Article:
Assess the Role of the New COVID-19 MAb, Bebtelovimab

This complimentary article from Hospital Pharmacist’s Letter is being provided to readers of Prescriber’s Letter, who may find its content relevant to their practice.

 

 

Bebtelovimab will expand monoclonal antibody (MAb) options for high-risk patients with mild to moderate COVID-19.

The Omicron variant limits OUTpatient MAb treatment options to sotrovimab. Now bebtelovimab is another choice for COVID-19 patients who are at high risk of severe illness (diabetes, etc).

Similar to sotrovimab, bebtelovimab is for adults...or kids age 12 and up who weigh 40 kg or more...and is provided at no cost.

Bebtelovimab is a single IV dose given over 30 SECONDS...compared to 15 to 30 minutes for IV sotrovimab.

And bebtelovimab is also active against the Omicron subvariant BA.2...while sotrovimab’s activity is reduced. But so far, a low percentage of US cases are BA.2.

The concern is that bebtelovimab’s evidence is very limited.

It hasn’t been directly compared to placebo in high-risk patients. Instead, data on reducing hospitalization are extrapolated from comparisons to placebo in PRIOR trials with OTHER COVID-19 MAbs.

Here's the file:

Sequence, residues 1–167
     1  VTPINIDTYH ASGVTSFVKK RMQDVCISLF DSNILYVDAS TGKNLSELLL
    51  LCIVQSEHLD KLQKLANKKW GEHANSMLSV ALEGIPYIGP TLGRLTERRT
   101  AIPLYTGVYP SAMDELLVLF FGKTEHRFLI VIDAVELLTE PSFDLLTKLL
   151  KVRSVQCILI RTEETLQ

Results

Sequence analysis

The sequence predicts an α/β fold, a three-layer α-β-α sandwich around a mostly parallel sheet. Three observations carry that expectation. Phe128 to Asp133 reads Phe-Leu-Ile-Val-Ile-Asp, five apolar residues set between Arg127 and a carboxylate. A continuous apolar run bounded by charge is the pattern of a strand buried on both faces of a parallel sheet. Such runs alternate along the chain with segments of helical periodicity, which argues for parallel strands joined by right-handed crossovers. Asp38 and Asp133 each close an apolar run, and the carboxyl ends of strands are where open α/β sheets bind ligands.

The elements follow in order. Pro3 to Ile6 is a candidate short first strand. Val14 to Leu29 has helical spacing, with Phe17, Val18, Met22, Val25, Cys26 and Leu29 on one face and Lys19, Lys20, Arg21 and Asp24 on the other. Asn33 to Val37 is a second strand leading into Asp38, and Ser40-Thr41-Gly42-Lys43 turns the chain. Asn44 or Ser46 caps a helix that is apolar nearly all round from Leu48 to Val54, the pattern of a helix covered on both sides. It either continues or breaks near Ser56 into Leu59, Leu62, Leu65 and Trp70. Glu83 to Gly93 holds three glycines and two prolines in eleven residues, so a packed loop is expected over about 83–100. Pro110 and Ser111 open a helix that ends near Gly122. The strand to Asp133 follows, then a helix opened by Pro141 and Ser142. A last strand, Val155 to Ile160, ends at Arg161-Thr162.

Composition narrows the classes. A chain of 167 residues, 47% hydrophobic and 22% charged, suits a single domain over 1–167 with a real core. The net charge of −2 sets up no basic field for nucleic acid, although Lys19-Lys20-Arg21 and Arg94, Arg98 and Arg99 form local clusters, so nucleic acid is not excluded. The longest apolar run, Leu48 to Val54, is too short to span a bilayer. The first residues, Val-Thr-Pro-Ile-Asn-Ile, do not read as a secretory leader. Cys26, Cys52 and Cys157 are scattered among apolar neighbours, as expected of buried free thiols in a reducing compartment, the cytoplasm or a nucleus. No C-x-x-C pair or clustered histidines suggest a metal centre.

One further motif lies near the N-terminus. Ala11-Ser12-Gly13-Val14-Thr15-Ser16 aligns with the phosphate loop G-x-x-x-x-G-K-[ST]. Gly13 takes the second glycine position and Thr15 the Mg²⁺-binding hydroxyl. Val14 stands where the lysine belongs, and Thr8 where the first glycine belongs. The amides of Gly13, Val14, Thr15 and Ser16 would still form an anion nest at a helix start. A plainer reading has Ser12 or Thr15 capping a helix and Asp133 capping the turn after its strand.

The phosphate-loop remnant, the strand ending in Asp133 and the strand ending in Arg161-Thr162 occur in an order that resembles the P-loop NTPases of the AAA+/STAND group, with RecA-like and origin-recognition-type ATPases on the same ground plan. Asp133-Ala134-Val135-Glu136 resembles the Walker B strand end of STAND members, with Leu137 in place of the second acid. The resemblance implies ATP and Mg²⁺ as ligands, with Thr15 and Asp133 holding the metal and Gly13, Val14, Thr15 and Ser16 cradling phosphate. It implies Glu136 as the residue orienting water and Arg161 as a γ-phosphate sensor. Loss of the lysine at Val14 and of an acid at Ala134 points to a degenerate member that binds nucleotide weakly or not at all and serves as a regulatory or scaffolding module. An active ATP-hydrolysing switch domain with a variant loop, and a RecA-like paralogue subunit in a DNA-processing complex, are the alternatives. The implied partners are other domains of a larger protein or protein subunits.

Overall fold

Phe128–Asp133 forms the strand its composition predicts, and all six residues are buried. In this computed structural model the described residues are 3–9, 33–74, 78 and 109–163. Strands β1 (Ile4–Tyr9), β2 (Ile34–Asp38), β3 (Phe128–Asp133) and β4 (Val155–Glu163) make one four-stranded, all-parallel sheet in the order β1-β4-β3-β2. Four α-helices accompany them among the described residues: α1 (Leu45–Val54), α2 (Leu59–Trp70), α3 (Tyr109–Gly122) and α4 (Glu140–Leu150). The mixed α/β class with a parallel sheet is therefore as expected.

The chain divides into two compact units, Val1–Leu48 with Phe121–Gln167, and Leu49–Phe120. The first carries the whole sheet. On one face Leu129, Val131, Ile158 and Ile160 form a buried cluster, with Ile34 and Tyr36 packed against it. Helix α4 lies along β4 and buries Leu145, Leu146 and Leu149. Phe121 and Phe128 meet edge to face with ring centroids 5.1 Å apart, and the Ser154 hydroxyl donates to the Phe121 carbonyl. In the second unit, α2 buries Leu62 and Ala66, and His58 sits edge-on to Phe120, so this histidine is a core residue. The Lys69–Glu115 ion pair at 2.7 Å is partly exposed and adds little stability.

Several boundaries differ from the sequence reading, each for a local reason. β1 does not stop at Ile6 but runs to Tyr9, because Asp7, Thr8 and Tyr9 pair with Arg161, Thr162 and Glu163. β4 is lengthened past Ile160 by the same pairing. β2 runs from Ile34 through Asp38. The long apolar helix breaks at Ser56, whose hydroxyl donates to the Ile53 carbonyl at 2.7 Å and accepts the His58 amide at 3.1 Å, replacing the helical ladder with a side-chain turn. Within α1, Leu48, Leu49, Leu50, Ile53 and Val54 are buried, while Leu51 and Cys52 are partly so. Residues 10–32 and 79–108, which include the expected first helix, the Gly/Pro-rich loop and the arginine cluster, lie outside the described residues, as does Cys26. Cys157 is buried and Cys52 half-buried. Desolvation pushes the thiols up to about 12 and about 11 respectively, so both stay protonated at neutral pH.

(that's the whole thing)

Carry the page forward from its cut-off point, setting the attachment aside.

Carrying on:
Be ready to explain bebtelovimab’s place in therapy.

For now, stick with sotrovimab if nirmatrelvir/ritonavir (Paxlovid) isn’t an option for high-risk OUTpatients. But stay alert for local Omicron BA.2 rates...to ensure sotrovimab eligibility.

Think of remdesivir next...IF patients can complete its 3-day course AND their insurance covers it. Also use it in kids under age 12...it’s the only available outpatient treatment for them.

When remdesivir isn’t practical, weigh pros and cons of using bebtelovimab or oral molnupiravir.

Molnupiravir doesn’t seem to work as well as other options. But it’s too soon to say how it stacks up to bebtelovimab...since bebtelovimab’s limited data should be applied cautiously.

Consider patient-specific criteria.

For example, lean toward bebtelovimab if there are reproductive concerns with molnupiravir...or if patients are unlikely to fill a prescription or complete its 5-day course.

If you give bebtelovimab, start within 7 days of symptom onset. Be aware, sotrovimab’s EUA now also advises a 7-day window.

Key References
  • https://www.fda.gov/media/156152/download (3-2-22)
  • https://www.fda.gov/media/156154/download (3-2-22)
  • https://www.fda.gov/media/149534/download (3-2-22)
  • https://www.covid19treatmentguidelines.nih.gov/management/clinical-management/nonhospitalized-adults--therapeutic-management/ (3-2-22)
Prescriber's Letter. March 2022, No. 380321


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